• I don’t think that a GoV’er would be all that enlightened by the works of Philip Bobbitt, especially his followup work to the “Shield of Achilles”, “Terror and Consent: The Wars for the Twentieth Century”. The preview blurb from Amazon reveals his stance vis-a-vis Islamism, to wit: “Philip Bobbitt follows his magisterial Shield of Achilles with an equally provocative analysis of the West’s struggle against terror. Boldly stating that the primary driver of terrorism is not Islam but the emergence of market states (like the U.S. and the E.U.), Bobbitt warns of an era where weapons of mass destruction will be commodified and the wealthiest societies even more vulnerable to destabilizing, demoralizing terror. Unflinching in his analysis, Bobbitt addresses the deepest themes of history, law and strategy.”

  2. Dear Baron:

    Thank you for the wonderful post on Kipling. I am most interested in your background/take of the Kipling poem “Dane Geld,” as I feel the words are so appropriate for today. I am not an English major, and never had much exposure to Kipling (I went to public schools, what can you expect). I now am researching, thanks to you!

  3. We had a good time over at Belmont Club one day quoting & discussing Kipling, including Danegeld & White Man’s Burden. I think the latter, though very politically incorrect, is wonderful.

    And yes, we’re definitely paying “Moorgeld” right now.

    I’m not and English major either — math was my field.

  4. See what you mean Baron. I happened upon it under a link named Proud Baby Boomer,but when I went back an hour later it was gone. Can’t find it anywhere. However, it was in my History, and I can still access it there. I made a copy. It is about 6 pages and I find it frightening. Last post was Friday 10th. I can send you a copy if you want, but I don’t care to post it unless you will take it off tout suite.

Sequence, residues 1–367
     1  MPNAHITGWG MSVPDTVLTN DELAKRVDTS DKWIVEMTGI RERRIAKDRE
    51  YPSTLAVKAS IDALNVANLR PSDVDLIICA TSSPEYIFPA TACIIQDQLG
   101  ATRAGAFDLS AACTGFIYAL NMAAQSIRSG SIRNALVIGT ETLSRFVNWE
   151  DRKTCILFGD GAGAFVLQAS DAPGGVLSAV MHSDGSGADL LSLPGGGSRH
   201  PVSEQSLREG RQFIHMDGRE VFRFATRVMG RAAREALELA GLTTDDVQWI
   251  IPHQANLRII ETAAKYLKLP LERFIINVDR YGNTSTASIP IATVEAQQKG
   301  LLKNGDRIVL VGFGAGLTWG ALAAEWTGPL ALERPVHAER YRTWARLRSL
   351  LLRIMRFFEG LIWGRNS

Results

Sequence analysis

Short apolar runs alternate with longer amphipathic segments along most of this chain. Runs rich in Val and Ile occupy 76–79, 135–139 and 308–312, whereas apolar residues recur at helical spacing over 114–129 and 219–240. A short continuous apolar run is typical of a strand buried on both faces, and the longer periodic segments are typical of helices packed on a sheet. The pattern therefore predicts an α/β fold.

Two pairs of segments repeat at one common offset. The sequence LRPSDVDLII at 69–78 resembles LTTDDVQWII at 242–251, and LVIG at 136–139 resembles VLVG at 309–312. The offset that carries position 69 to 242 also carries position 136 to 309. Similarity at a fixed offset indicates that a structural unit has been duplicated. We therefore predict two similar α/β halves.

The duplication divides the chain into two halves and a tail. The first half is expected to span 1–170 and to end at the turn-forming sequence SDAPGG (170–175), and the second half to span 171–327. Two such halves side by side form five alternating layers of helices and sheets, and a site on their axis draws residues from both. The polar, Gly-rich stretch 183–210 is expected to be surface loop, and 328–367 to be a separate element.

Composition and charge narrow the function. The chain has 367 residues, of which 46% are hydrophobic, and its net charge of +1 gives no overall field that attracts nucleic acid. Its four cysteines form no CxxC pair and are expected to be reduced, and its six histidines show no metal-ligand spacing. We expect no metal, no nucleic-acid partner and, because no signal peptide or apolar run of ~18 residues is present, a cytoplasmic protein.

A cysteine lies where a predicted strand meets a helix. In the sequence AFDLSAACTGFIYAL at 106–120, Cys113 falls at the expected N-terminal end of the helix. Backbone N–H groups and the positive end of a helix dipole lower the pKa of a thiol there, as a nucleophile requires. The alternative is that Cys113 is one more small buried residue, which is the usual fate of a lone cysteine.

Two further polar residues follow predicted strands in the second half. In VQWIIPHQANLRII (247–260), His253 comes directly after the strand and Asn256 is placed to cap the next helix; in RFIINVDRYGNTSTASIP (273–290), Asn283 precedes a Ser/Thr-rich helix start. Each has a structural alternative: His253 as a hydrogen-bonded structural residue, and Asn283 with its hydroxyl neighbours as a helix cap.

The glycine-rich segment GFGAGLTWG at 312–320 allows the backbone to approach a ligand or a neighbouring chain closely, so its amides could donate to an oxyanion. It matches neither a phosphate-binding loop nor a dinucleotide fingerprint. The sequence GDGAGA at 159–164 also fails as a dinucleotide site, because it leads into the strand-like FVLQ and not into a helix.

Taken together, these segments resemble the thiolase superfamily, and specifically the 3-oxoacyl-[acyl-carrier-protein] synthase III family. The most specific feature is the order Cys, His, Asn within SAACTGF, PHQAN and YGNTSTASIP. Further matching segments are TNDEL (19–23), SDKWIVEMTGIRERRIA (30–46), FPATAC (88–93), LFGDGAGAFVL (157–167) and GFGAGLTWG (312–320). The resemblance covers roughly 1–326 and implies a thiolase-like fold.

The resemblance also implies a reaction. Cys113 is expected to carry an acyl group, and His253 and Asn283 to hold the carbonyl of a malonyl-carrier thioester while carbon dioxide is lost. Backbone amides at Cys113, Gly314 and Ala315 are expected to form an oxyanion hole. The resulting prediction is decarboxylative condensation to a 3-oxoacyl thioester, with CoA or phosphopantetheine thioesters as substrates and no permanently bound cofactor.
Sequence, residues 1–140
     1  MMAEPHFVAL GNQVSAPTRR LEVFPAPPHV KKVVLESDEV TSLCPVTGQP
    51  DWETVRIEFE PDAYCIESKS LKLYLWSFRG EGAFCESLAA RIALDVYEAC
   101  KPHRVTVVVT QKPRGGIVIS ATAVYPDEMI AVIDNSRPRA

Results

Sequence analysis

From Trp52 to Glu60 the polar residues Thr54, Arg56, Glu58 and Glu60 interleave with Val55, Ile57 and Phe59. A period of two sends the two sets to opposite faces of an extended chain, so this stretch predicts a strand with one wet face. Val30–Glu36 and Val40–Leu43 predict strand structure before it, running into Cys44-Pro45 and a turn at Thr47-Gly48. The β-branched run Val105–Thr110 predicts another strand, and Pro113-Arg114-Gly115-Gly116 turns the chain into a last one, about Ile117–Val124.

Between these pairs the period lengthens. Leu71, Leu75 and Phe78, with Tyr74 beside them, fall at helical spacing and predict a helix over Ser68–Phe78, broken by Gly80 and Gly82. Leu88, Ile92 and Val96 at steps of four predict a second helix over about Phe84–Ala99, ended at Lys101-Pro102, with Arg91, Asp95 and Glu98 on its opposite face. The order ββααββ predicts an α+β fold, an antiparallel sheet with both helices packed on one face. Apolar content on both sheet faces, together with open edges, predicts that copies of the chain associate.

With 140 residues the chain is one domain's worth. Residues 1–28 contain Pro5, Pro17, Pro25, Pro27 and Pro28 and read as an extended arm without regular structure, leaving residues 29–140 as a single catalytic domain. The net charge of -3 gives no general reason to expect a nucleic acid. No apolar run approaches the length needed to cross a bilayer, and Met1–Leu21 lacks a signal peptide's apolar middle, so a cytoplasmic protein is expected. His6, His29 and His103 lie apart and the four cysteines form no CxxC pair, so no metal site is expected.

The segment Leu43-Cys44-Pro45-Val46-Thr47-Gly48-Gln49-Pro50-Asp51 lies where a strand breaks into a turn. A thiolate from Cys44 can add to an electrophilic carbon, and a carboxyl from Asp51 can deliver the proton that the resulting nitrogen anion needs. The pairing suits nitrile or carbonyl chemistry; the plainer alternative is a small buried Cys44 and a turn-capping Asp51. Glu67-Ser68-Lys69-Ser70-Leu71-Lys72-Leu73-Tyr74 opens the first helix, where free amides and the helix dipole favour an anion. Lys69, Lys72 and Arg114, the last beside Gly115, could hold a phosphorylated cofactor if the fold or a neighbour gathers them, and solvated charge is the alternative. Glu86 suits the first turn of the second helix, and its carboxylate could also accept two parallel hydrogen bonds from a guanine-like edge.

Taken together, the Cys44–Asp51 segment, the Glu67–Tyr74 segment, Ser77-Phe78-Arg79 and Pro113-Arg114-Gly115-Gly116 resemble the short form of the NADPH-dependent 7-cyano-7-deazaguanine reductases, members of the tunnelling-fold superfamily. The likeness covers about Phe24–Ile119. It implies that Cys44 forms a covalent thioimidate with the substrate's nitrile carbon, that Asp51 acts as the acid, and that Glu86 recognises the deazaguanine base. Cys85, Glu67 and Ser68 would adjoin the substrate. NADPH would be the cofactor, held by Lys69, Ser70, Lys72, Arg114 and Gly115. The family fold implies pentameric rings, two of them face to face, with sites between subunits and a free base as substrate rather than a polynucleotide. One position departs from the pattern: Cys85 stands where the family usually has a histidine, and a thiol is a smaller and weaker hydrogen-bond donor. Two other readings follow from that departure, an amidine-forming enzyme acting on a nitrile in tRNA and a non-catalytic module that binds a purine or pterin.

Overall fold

5. Go to my blog. Don’t ask me how I got it on there but it is there, photos and all. I am deleting it tomorrow. Culture of Life or Culture of Lies.

  6. “The ideal of the soldier’s submission to his commander’s will was tarnished beyond repair.

    From the trenches of the Western Front, poems celebrating the nobility of the warrior were superseded by poems of doom and resignation.”

    This is somewhat misleading and also incomplete. What Wilfred Owen and Siegfried Sassoon and the rest of the war poets wrote against was the sheer magnitude, the stupidity and the meaninglessness of the slaughter of trench warfare in the First World War. 60,000 British died on the first DAY of the Battle of the Somme. (That’s more than ALL of American losses in 15 years of the Vietnam War.) And this doesn’t even include French or German losses.

    Every statistic to do with WW1 is similarly gruesome and disheartening – thousands sent to their deaths for gains of sometimes just a couple of hundred yards. A lot of it had to do with the nature of the battle itself, comprising as it did of trench warfare and attrition. It was chiefly a question of who had more patience and who had more men to spare for the slaughter.

    In the hall of my secondary school in England, there was a plaque that contained over 200 names, the school’s former students among the dead. Every school and college, every town, public place and institution in England has such a memorial. An entire generation was literally wiped out in the mud of Flanders, and a large part of the blame lies with abstract concepts of ‘nobility’ and ‘glory’ that the commanders had inherited from their Victorian era military training. The full details of this disastrous nexus are in Paul Fussell’s classic study, The Great War and Modern Memory.

    So before death on the battlefield and unquestioning obedience to idiot commanders is glorified, readers might want to look at things more closely. Not for nothing that Alan Clark’s study of the military commanders of the War like Haig and Kitchener was titled ‘The Donkeys.”

  7. whatever — I’m afraid you completely misunderstand my intent. The “doom and resignation” were the only possible response to the magnitude of the calamity that was unfolding around these men.

    I’m well aware of the grotesque horror of WWI. My point is not that “unquestioning obedience” to orders should be “glorified”, but that it is completely understandable how the First World War destroyed the tradition of unquestioning obedience.

    “The stupidity and the meaninglessness” of what happened on the Western Front created the cultural climate which endures to this day, in which no war is ever seen as justified or necessary.

    My later posts will examine how the destruction of so many in the British upper-middle class (as opposed to mere working-class cannon fodder) changed the way that war was viewed by the opinion-makers, who were from the same class.